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UCMJ Article 100: Subordinate Compelling Surrender

At Bilecki Law Group, We believe every service member has earned their right to an aggressive defense on their day in court. We specialize in taking the fight to the prosecution and winning cases that others said were unwinnable.

What is Article 100 Of The UCMJ?

A service member of the United States armed forces who breaks with the lawful chain of command and takes action to compel his commanding officer to abandon or surrender military property or personnel to an enemy may be charged under Article 100 of the UCMJ. Article 100 is a wartime crime, and as such incurs some of the harshest punishment in military law:

  • You could face the death sentence for any offense under Article 100 if referred capital. Even an alleged attempt to surrender could put you in prison for decades.
  • Even if a death sentence is off the table, you could face a decade or longer in prison depending on how capable the government’s prosecutors are.
  • A dishonorable discharge will limit your civilian job prospects, and future promotions will be given to others with less scandalous pasts.

Do not allow one mistake made in the chaos of war to affect your future and your freedoms. Fight back TODAY with the aggressive legal advocacy of Bilecki Law Group.

Defining Article 100 of the UCMJ

Every UCMJ punitive article requires prosecutors to prove beyond a reasonable doubt a handful of critical assumptions—known as elements—to convict you of a crime. Article 100 governs three separate charges, each with its own set of elements which must be proven.

  1. Compelling surrender
    1. That a certain person was in command of a certain place, vessel, aircraft, or other military property or of a body of members of the armed forces;
    2. That the accused did an overt act which was intended to and did compel that commander to give it up to the enemy or abandon it; and
    3. That the place, vessel, aircraft, or other military property or body of members of the armed forces was actually given up to the enemy or abandoned.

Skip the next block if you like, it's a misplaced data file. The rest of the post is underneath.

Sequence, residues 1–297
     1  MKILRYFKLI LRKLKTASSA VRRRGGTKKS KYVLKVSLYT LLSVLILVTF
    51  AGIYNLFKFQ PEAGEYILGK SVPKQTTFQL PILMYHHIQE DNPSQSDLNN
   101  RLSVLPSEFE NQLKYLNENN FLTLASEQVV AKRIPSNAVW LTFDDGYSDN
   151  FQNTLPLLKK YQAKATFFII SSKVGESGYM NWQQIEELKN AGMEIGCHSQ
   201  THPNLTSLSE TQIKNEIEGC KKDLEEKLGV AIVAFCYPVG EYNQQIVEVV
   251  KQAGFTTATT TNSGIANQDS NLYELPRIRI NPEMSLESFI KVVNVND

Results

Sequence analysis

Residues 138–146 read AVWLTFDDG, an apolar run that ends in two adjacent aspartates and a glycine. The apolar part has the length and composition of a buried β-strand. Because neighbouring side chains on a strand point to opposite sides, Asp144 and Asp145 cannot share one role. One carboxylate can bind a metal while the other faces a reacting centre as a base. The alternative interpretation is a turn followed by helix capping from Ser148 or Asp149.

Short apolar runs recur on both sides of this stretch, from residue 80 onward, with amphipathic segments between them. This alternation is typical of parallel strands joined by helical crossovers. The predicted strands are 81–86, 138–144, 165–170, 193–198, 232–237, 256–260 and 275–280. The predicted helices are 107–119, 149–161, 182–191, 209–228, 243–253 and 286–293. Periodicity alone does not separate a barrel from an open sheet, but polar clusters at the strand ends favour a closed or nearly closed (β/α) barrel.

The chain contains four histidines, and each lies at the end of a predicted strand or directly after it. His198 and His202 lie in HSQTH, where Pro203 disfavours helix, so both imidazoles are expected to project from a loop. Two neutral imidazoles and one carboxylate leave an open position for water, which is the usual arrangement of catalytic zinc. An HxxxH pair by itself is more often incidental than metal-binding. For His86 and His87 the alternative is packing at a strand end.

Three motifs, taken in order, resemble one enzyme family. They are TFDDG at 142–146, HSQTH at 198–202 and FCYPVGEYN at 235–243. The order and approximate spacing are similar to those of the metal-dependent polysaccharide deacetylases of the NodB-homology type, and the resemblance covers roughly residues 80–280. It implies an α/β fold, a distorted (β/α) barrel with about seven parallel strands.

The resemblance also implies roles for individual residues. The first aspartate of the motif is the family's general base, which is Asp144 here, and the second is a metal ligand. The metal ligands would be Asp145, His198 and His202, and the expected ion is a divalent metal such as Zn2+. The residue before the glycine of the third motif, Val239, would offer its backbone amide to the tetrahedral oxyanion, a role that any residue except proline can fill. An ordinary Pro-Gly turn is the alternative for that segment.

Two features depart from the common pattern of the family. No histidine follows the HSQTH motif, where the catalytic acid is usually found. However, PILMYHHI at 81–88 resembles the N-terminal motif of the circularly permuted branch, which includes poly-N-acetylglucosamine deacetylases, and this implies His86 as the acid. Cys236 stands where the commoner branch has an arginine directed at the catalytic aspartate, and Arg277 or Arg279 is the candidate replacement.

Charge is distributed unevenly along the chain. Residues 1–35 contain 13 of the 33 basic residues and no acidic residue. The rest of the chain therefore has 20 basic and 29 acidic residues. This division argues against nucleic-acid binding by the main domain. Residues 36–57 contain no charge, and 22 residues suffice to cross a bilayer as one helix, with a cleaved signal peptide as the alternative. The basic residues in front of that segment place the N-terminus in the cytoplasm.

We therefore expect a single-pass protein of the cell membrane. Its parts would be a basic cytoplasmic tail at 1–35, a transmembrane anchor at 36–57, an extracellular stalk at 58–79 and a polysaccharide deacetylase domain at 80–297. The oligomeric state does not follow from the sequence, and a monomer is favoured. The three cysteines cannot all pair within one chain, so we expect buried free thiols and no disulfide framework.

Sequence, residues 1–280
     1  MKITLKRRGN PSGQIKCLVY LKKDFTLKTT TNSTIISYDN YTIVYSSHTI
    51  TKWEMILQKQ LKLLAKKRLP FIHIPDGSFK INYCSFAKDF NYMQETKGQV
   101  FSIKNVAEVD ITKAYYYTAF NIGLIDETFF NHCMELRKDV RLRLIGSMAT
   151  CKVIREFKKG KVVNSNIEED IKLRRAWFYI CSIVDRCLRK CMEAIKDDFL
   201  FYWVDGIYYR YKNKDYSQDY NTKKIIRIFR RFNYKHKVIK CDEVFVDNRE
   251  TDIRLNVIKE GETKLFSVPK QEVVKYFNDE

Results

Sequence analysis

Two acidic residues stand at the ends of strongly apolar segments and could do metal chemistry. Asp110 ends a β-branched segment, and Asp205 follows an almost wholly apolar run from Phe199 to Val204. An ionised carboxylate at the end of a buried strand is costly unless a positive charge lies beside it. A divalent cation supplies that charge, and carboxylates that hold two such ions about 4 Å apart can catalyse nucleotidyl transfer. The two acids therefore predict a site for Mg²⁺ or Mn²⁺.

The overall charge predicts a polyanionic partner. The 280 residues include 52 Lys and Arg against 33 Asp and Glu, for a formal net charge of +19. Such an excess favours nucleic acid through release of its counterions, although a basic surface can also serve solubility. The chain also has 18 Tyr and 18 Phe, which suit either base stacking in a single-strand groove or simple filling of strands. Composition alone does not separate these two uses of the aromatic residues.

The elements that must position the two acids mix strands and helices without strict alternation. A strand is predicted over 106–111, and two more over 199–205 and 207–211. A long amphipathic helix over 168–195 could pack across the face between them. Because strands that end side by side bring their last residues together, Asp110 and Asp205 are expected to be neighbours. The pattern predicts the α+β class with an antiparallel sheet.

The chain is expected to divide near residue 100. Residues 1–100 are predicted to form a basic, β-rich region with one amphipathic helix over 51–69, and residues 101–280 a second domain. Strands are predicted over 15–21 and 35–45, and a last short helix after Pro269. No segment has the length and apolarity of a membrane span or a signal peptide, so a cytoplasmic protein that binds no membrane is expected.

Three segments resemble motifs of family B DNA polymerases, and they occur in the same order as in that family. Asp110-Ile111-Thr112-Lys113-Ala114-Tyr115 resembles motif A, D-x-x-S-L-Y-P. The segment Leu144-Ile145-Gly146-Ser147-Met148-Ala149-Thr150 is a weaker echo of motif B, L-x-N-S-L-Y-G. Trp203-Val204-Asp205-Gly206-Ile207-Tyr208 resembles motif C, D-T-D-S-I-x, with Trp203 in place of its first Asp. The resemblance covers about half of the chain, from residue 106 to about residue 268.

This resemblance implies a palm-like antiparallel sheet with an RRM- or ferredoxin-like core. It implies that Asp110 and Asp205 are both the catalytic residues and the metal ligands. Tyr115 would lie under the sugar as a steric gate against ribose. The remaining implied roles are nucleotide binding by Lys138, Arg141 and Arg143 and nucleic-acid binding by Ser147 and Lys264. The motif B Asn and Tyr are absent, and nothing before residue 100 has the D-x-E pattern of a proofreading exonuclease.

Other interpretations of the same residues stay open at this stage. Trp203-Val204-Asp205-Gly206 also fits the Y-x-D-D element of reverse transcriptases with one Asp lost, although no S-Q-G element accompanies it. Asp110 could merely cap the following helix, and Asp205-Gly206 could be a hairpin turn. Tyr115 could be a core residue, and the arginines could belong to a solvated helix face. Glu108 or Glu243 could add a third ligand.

2. Attempting to compel surrender
    1. That a certain person was in command of a certain place, vessel, aircraft, or other military property or of a body of members of the armed forces;
    1. That the accused did a certain overt act;
    2. That the act was done with the intent to compel the commander to give up to the enemy or abandon the place, vessel, aircraft, or other military property or body of members of the armed forces;
    3. (d) That the act amounted to more than mere preparation; and
    4. (e) That the act apparently tended to bring about the compelling of surrender or abandonment.
  1. Striking the colors or flag
    1. That there was an offer of surrender to an enemy;
    2. That this offer was made by striking the colors or flag to the enemy or in some other manner;
    3. That the accused made or was responsible for this offer; and
    4. That the accused did not have the proper authority to make the offer.

Summary of the Elements of Article 100: The government must prove that your actions intentionally compelled a commanding officer to surrender his or her position, a body of troops or military equipment to the enemy during wartime. Furthermore, any attempt made by the accused to offer said surrender or attempt to offer that surrender could incur charges under Article 100.